How long has that house been on the market?

by Alistair Helm in

As an active buyer searching for your next home; in what we are constantly being told is a very tight property market, with an acute shortage of property, you might be surprised to learn that across the country half of all the properties on the market today have been for sale for more than 3 months. In fact 1 in 4 of all properties for sale today have been on the market since before Christmas!

The fact is, as with everything these days we tend to focus on the new, the latest and the current. We tend to look no further than the first page online when it comes to search results and property searching. Step beyond the first 3 pages on and you will discover another 1,923 pages (20 properties to a page) full of properties all fighting for your attention.

I was drawn to examine the make up of the stock of properties on the market when I saw quoted the other day the fact that in the UK 25% of homes on the market had been on the market before Easter. A fact I found amazing. It prompted me to examine the extent to which this was true in NZ. The fact is in NZ overall close to 40% of all properties were on the market before Easter.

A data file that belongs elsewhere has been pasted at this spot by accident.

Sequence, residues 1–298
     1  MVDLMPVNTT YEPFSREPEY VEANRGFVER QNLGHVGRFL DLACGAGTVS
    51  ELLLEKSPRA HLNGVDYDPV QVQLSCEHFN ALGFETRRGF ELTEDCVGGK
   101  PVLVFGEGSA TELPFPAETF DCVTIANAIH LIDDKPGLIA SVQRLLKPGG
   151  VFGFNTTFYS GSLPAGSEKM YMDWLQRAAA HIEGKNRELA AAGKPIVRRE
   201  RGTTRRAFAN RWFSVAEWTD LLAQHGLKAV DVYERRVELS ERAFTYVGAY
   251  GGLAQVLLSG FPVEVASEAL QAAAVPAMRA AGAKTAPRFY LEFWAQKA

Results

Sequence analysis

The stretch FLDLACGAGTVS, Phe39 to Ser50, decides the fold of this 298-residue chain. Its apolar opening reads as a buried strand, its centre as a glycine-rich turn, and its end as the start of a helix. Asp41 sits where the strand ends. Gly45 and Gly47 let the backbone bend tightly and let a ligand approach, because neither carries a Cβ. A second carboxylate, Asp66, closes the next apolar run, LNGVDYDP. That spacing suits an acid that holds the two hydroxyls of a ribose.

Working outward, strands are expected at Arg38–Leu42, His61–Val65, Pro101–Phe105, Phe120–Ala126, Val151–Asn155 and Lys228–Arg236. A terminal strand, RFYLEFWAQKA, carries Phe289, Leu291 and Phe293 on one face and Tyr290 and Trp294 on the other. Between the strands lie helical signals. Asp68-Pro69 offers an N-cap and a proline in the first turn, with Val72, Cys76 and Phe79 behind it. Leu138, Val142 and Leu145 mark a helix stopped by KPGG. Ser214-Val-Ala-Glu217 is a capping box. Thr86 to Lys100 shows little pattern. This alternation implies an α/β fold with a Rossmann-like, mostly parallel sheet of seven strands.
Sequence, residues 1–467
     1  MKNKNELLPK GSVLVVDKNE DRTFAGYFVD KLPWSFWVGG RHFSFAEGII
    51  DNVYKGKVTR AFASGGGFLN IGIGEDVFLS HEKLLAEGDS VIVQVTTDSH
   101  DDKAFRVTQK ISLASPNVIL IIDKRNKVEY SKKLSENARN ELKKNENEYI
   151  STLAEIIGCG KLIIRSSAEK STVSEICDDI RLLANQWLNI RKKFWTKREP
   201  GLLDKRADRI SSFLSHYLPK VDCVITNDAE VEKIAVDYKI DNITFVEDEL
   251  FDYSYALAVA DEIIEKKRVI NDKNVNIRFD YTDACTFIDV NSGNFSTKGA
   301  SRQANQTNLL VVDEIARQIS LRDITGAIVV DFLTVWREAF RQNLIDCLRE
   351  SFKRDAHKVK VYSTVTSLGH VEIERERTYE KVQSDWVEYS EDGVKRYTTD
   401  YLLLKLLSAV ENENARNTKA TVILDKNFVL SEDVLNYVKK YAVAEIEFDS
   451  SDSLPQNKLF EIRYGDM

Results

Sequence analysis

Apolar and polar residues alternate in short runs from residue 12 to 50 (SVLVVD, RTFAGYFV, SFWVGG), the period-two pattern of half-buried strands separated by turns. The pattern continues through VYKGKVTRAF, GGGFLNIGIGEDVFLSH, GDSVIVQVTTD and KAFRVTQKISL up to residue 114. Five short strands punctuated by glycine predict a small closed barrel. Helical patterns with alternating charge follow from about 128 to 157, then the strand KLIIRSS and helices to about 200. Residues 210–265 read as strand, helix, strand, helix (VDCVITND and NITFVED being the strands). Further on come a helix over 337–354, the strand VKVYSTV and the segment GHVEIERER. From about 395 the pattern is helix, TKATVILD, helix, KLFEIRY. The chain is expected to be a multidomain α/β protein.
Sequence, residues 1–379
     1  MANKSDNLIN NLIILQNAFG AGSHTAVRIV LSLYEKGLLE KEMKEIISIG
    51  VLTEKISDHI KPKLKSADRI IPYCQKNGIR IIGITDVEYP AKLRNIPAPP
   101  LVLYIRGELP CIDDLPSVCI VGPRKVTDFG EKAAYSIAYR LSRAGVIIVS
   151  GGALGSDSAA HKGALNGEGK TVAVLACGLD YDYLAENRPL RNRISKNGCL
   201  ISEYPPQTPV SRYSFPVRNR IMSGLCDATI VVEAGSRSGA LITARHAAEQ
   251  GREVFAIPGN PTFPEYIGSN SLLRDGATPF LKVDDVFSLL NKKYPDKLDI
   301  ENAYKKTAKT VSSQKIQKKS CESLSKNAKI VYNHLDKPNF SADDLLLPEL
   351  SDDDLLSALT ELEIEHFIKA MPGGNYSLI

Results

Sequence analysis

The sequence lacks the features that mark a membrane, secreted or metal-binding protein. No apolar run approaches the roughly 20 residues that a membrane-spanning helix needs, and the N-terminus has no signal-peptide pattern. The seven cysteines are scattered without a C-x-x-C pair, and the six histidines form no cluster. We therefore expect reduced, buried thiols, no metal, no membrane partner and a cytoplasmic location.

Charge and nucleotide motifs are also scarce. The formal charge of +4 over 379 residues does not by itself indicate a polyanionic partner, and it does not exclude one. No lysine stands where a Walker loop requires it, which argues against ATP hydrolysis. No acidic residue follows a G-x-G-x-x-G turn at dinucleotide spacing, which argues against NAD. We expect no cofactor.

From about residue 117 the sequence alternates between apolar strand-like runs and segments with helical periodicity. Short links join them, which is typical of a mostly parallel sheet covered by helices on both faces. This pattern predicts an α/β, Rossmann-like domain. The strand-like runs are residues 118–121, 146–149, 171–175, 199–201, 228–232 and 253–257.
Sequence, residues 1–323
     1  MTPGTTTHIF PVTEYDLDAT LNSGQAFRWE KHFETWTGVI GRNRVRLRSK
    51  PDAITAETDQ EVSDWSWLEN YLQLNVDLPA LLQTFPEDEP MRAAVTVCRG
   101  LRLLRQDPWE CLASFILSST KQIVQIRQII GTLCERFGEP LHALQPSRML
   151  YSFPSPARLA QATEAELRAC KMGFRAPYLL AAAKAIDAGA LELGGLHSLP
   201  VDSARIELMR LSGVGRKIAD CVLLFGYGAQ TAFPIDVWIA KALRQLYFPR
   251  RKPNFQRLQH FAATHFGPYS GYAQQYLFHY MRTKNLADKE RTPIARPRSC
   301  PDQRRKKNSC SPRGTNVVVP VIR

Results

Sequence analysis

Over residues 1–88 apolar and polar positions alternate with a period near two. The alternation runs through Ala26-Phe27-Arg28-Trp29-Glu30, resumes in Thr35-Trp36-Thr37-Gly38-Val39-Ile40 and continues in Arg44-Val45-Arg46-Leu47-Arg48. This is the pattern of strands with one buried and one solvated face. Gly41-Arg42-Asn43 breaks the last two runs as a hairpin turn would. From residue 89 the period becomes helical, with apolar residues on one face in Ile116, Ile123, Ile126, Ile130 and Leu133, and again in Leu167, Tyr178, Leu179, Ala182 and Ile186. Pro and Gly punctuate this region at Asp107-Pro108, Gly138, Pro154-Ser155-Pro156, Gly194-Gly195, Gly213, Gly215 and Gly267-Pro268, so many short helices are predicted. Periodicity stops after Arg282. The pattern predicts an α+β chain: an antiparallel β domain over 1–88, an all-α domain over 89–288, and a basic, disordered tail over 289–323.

This classic long-tail is more acute outside of the main 3 cities of Auckland, Wellington and Christchurch. Across provincial NZ there are currently over 27,000 properties for sale of which less than 1 in 5 were added in the month of September, with 6 out of 10 being listed more than 3 months ago. So much for the belief that the typical “days to sell” measure as reported by REINZ in August was 38 days!